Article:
Defendant had known Carlile for three months, and their relationship had turned intimate about a week before 15 October 1999. At 1:12 a.m. on 16 October 1999, Carlile called and spoke with defendant from Joker’s Pool Room. Carlile had tried reaching defendant thirteen times at his mobile home, but defendant was unreachable until the 1:12 a.m. call. Carlile testified that defendant was hesitant to come to the Joker, stating that he said he “was dirty and didn’t feel like going nowhere.” At about 1:30 a.m., defendant met up with Carlile, Hobgood, and Sizemore. Carlile first made a statement that defendant arrived in ragged clothing, but then later testified that he was wearing a new outfit. Hobgood testified that defendant arrived at Joker’s in worn clothing with dirt on his pants. They stayed at the bar shooting pool until closing, 2:00 a.m., and then all returned to Carlile’s father’s house. Defendant stayed at Carlile’s house until approximately 7:30 a.m. on 16 October 1999. It was the first night he had spent with Carlile.
On the morning of 16 October 1999, shortly after defendant had returned to his mobile home, there was a fire in the home’s interior. Defendant claimed the cause was hot grease used in preparation of Tater Tots. He claims he went to the door of the mobile home to throw them out, but the wind blew it back in on him and that was how the fire started. Defendant had no observable injuries or burns from the fire, and made no complaint of injuries or burns on the day of the fire.
Based solely on what defendant told the firefighters the day of the fire, the Vance County Fire Lieutenant’s report of the fire listed its source as a pan of grease. The State’s arson and fire expert witness, Agent David Campbell (“Agent Campbell”), testified that it was physically impossible for defendant’s mobile home fire to have been caused by ignited vegetable oil/grease being spilled on the carpet. Agent Campbell testified that in his opinion the fire was intentionally set by someone pouring a large quantity of an ignitable liquid in the living room area and setting it on fire. This was based in part on Agent Campbell’s finding of hydrocarbon sooting on the inside of the mobile home windows suggesting a hydrocarbon fuel was the source of the fire. Vegetable oil, alleged by defendant to be *448the source of the fire, is not a hydrocarbon and would not leave a hydrocarbon sooting.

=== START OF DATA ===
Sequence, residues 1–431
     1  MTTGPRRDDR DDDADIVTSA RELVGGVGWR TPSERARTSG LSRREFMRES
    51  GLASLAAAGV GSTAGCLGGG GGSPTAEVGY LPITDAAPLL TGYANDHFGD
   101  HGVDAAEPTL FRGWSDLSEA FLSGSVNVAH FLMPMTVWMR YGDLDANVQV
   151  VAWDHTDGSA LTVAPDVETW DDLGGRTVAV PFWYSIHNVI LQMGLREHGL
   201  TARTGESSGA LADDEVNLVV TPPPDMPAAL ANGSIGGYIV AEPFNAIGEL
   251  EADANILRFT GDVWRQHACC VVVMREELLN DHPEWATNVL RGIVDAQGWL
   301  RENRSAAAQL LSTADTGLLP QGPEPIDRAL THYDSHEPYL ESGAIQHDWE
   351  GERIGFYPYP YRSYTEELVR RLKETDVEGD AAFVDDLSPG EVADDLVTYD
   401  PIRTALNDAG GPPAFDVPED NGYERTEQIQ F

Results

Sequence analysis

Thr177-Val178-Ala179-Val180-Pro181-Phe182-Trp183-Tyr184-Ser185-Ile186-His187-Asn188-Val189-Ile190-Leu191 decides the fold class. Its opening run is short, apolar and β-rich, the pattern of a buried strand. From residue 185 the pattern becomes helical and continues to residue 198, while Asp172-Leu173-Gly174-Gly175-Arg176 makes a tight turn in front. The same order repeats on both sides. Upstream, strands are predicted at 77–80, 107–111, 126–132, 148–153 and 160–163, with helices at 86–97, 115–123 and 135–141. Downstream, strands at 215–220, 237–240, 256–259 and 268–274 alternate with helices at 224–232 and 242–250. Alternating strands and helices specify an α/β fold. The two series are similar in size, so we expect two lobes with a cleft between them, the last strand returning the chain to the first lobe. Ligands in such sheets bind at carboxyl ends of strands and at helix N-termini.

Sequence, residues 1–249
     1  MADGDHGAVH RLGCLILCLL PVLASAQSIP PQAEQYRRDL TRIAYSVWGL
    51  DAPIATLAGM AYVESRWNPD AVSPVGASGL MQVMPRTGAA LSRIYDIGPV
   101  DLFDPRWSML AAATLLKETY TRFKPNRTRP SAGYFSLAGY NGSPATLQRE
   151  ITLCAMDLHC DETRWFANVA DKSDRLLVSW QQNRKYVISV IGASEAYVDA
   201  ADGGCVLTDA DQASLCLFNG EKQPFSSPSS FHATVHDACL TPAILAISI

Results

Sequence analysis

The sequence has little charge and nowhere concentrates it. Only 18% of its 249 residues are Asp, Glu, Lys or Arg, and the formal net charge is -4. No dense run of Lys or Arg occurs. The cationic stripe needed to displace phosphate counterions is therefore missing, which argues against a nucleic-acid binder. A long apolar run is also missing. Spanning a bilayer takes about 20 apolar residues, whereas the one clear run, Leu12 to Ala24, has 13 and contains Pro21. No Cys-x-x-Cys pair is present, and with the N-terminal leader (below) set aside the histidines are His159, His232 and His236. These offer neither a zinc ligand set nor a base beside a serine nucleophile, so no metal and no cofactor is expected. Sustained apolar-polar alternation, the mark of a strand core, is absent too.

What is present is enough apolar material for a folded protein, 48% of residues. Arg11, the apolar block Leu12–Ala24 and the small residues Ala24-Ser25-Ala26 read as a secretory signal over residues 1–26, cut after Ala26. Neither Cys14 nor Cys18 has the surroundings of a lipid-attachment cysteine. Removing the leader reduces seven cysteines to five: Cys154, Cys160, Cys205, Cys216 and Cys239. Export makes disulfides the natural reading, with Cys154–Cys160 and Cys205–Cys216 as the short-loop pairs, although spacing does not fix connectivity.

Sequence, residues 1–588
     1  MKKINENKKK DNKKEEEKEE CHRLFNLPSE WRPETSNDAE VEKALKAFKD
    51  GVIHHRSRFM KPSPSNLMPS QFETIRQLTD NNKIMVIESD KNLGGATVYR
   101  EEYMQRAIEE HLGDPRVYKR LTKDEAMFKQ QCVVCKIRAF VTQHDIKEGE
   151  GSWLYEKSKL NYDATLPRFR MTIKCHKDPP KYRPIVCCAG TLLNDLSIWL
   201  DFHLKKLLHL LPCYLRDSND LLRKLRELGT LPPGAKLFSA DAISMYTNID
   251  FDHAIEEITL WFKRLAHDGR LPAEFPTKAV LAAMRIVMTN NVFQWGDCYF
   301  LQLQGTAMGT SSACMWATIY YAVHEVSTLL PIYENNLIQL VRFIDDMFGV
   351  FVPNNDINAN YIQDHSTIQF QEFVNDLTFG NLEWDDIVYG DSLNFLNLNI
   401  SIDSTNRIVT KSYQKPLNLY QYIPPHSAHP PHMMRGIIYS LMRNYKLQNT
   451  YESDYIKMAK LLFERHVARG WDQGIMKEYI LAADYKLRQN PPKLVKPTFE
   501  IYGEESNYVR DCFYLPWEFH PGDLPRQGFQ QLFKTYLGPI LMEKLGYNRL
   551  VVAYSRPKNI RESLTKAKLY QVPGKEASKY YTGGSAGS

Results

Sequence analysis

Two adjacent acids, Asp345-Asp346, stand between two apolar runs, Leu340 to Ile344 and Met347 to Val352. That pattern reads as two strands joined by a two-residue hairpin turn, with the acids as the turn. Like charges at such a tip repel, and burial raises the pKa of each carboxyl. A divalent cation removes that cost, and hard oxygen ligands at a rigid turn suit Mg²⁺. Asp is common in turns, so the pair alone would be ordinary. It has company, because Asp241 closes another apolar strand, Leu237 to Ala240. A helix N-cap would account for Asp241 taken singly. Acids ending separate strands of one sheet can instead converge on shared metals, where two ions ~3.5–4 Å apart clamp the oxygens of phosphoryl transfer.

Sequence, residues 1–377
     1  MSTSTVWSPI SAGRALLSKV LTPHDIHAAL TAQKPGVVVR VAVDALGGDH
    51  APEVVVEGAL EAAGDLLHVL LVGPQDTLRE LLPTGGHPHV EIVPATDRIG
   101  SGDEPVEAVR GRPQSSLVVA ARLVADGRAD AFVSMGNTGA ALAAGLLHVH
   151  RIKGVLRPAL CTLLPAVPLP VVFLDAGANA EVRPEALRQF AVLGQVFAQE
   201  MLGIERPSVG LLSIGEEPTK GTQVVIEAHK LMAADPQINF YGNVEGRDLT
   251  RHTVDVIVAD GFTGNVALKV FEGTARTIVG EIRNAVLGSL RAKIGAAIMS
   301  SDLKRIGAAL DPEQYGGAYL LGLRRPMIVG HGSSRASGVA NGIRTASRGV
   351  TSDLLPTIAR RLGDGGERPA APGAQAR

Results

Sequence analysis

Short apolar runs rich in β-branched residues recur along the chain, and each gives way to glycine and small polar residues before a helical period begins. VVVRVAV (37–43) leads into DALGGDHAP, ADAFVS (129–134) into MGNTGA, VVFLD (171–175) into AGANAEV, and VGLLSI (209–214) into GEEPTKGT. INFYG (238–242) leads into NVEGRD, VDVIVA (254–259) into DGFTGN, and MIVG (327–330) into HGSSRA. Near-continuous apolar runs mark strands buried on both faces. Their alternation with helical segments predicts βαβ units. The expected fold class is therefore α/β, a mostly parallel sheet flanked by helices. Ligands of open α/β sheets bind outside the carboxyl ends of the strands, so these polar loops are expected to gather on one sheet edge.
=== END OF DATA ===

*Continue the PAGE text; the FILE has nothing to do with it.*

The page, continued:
Also on the morning of 16 October 1999, a hole that looked like a bullet hole was observed in the front side of the mobile home under the front windows in the area where the most intensive burning had occurred. The owners of the mobile home testified that this “bullet” hole was not in the mobile home when they rented it to defendant, nor did they believe it to have been present until the morning of the fire on 16 October 1999. S.B.I. agent and crime scene specialist A1 Langley (“Agent Langley”) examined the mobile home and determined that the hole in the front of the mobile home was a .22 caliber bullet hole fired from the inside of the mobile home.
At about 8:00 a.m. on the morning of 16 October 1999, Keeling called Angela’s mother Diane Griffin (“Diane”), and told her that Angela had not returned to pick up Logan. During the day of 16 October 1999, Diane tried to locate Angela, but could not. Around 5:00 p.m. on that same day, Diane called the Vance County Sheriffs Department and reported Angela missing.
Later that day, Angela’s car was found parked at the Middleburg Variety Store in Middleburg. The driver’s seat was pushed back against the backseat, indicating that the person who had driven the car to the Middleburg Variety Store was a person much taller than Angela. Angela was about five feet two inches while defendant is about six feet four inches.
In early February 2000, Angela’s skull and other skeletal remains were found in a field and wooded area just off Brookstone Road and Currin Road. A “shallow grave” near Angela’s remains had been dug some several months prior to the discovery of the remains. Defendant lived nine-tenths of a mile from the “shallow grave” and the location of Angela’s remains. The condition of Angela’s remains were consistent with her having been dead since October of 1999. Angela’s skull showed numerous fractures on the left, right, and back sides. The State’s medical expert witness determined that these fractures were blunt force injuries that were the likely cause of Angela’s death.
The interior of the mobile home, the carpeting, and other furnishings that had been in the mobile home at the time of the fire, were tested for traces of blood. These tests were inconclusive. Agent Susan Barker (“Agent Barker”) confirmed that extreme heat can destroy blood, and a fire can prevent detectives from finding evidence of blood.